Lest you think these songs are all about Christian struggles, "The Author of the Story" deals with the death of a loved one and the hope of eternal life we have through Christ. "My Beautiful Martyr" is a lovely tribute to Christ and the price he paid for us — I personally think it blows away the majority of today's modern worship songs. Likewise, "Joel" comes directly from the second chapter of that biblical book and would also make an interesting worship song. Several of my favorite tracks on the album are inspired by biblical characters, and one can't help but wonder if Terry is capable of using anyone in the Bible to make a point. He uses the temptation of Eve for "Pretty Little Lies," a beautiful classic-rock ballad in the same vein as Eric Clapton's "Wonderful Tonight." The brilliance of it is that Terry uses a romantic love song to illustrate the seductiveness of sin. The song "A Little Grace" uses Job as a platform to perfectly capture the feeling of doubt we sometimes feel when God leads us to a place of discomfort. "Pregnant Pause" is a clever use of Abraham and Sarah's predicament to encourage faith and perseverance despite God's apparent absence. The beautiful rock ballad "And So It Goes" serves as a perfect benediction to this epic album.

At just under two hours in length, with 33 songs for the price of a single album, you get more music for your money on Mr. Buechner's Dream than your usual WoW compilation. With so many songs, there's a surprising lack of filler tracks on the album. Instead, my critique would be that listening to the entire album in one sitting can be a bit overwhelming. This could have easily been two separate albums, the first disc being a concept album and the second a reaction or sequel to it. Of course, the simple solution to that is to treat Mr. Buechner's Dream as two albums for the price of one. No doubt longtime fans have already picked this one up, so I'm appealing more to those who aren't familiar with the works of Daniel Amos or Terry Taylor. Several fans and critics are calling Mr. Buechner's Dream Terry's best work to date, and for good reason. This is a brilliant and remarkably well-crafted Christian rock album. Anyone looking for solid classic rock with Christian-inspired depth should consider picking it up the next time you visit the local Christian music store.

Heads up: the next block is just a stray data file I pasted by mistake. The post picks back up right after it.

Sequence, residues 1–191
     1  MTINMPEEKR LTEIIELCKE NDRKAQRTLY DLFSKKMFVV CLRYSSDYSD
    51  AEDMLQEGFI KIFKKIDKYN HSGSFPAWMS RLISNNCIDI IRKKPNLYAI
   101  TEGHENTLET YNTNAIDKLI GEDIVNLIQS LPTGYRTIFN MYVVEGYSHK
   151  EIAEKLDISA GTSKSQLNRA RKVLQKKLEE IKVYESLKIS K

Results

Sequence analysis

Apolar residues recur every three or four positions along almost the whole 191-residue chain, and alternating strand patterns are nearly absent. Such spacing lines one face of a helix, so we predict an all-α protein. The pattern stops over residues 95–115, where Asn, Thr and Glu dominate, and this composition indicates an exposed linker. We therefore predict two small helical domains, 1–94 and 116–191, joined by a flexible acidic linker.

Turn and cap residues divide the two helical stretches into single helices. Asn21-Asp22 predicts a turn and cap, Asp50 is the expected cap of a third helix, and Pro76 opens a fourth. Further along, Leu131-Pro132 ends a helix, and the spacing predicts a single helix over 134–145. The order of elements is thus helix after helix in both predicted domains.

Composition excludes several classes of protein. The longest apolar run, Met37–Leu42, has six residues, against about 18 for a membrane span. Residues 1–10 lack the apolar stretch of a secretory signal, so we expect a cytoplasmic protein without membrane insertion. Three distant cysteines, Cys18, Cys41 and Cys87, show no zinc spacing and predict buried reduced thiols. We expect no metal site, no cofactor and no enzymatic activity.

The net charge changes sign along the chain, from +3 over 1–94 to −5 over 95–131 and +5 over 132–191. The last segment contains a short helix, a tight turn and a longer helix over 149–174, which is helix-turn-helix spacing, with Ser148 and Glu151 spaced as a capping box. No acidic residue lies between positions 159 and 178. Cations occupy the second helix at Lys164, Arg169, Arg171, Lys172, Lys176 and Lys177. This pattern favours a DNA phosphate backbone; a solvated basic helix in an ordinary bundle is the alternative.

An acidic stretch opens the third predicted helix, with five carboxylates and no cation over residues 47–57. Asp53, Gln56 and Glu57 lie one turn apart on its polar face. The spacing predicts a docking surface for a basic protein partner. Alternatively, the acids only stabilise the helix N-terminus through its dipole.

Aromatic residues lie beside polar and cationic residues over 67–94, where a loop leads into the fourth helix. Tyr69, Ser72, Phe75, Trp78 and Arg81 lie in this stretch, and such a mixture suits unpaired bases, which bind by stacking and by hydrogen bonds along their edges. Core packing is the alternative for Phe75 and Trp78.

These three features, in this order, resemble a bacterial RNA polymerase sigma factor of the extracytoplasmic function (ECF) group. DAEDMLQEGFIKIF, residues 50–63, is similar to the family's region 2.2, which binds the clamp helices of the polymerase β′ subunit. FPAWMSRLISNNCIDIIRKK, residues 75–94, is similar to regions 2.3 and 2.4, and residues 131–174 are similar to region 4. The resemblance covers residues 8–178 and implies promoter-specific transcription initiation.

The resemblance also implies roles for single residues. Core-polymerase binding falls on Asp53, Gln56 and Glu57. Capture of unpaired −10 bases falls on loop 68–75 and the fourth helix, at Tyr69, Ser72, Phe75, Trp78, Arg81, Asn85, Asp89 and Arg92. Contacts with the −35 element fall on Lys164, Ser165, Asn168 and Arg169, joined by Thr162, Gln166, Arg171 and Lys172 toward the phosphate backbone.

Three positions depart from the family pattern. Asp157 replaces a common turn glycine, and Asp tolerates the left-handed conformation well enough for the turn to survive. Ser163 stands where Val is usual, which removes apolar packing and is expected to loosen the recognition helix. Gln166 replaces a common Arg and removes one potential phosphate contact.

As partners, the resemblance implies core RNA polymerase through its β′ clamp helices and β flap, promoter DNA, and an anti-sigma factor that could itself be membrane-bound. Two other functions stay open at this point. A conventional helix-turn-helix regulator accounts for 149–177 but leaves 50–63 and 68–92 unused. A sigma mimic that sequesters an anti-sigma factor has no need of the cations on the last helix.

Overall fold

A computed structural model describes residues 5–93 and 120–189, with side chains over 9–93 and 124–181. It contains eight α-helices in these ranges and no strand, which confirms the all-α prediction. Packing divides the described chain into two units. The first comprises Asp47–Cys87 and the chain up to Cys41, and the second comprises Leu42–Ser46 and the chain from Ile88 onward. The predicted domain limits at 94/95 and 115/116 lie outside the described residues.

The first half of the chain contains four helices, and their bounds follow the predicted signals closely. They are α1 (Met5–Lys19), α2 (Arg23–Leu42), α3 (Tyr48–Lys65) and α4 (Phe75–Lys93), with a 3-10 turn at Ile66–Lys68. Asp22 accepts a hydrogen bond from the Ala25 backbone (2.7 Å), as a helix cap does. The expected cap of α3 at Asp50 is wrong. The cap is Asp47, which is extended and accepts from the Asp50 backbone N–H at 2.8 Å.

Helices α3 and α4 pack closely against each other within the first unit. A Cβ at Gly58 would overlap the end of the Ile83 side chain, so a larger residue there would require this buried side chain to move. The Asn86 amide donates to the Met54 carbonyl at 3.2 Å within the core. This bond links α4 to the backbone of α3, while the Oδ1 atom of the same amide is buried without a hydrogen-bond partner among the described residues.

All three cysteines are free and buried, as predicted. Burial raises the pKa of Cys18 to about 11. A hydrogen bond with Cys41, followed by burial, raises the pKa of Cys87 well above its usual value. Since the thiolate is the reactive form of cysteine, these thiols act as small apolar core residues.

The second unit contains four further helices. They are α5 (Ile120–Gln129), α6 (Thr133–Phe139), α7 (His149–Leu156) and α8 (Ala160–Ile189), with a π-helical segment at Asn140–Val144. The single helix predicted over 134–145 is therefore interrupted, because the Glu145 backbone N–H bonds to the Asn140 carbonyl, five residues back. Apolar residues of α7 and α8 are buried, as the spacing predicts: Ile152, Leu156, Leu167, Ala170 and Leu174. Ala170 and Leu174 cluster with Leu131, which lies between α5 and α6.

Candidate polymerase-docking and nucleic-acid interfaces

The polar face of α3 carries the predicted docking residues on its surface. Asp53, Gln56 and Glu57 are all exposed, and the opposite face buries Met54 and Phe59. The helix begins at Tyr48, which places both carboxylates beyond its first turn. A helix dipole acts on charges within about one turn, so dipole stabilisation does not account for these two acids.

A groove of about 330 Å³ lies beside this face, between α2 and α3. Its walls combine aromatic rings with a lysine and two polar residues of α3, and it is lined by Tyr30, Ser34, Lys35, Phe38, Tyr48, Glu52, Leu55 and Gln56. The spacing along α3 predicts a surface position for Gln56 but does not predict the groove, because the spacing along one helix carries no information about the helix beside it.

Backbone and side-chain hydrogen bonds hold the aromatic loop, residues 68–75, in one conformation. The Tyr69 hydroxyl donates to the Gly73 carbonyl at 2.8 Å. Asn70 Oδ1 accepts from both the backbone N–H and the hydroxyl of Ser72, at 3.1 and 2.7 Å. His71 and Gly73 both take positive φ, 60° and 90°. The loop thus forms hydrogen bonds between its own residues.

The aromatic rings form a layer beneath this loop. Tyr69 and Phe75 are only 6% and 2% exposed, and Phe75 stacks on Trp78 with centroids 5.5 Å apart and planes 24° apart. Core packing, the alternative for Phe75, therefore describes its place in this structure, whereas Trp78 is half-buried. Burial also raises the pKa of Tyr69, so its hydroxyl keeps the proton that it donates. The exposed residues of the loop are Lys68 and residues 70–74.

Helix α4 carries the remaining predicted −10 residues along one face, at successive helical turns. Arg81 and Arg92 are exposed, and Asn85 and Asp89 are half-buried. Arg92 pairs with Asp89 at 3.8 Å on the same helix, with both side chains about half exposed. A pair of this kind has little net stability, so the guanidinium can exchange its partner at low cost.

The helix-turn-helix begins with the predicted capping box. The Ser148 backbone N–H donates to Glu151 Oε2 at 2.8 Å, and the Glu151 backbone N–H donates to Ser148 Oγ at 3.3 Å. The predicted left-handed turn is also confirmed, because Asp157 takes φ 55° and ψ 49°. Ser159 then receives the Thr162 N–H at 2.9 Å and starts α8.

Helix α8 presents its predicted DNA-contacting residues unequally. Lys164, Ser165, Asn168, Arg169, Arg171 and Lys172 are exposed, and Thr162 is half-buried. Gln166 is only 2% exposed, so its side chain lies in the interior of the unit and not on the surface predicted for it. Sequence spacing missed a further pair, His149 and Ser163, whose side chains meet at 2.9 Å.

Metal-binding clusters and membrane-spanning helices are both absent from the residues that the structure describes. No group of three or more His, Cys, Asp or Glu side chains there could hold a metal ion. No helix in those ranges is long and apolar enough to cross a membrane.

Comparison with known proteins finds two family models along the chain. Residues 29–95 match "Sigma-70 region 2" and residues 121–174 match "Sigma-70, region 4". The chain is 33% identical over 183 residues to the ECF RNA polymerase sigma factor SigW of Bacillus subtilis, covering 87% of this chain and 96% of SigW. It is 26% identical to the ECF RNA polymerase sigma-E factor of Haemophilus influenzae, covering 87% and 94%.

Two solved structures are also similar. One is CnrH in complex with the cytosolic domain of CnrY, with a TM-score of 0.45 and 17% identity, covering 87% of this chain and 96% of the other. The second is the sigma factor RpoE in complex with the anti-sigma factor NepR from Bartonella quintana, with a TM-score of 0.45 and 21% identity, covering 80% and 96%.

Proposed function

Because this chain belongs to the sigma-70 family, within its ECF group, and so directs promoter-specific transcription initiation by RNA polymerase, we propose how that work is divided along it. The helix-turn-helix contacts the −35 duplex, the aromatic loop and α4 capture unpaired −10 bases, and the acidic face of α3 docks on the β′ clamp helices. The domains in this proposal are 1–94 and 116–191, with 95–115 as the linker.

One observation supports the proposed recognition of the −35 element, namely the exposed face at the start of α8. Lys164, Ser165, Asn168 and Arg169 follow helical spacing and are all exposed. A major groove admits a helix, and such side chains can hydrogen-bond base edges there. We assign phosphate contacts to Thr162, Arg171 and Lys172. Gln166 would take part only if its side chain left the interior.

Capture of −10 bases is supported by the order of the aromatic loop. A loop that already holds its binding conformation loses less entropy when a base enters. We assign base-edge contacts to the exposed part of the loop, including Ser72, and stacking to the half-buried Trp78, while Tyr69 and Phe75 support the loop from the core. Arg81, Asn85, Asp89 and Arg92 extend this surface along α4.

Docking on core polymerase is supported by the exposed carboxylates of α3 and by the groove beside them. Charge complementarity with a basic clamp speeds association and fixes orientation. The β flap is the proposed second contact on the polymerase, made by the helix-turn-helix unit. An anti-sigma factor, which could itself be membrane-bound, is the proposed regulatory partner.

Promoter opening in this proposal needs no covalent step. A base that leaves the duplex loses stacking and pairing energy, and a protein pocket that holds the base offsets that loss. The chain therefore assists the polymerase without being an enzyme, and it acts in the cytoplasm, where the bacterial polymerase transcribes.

HM Magazine September/October 2001
by Chris Estey

Lordy, lordy, lordy. Over twenty-five years into their career, and this band releases their White Album, their Zen Arcade, their Sign O' the Times, maybe even their London Calling. Not since the swanky space-funk-wave-rock of Darn Floor, Big Bite has this seminal alternative rock / country-inflected / avant-pop band sounded so deliciously full of potential. And that album released in the 80s just hinted at what this group is capable of now. This sprawling double album is so unique, so full of life, so slobbered over with creativity, so packed with crazy good songs, and new things to say, it's impossible to review adequately without sounding like a raving fanboy.

Just so you know, I had pretty much given up on Daniel Amos. For all of my adoration of Terry S. Taylor (the band's visionary songwriter and singer / guitarist), I can admit that to me his role in the Lost Dogs and his solo work in the past ten years was far more compelling than what he had been doing with this, his primary band. It's totally subjective, I guess, but the last DA album I truly loved was Kalhoun, from 1991. Sure the DA albums released after it may have had occasional brilliant songs, or deeply affecting moments, but they lacked both the coherency and the ferocious thrill of prime Daniel Amos.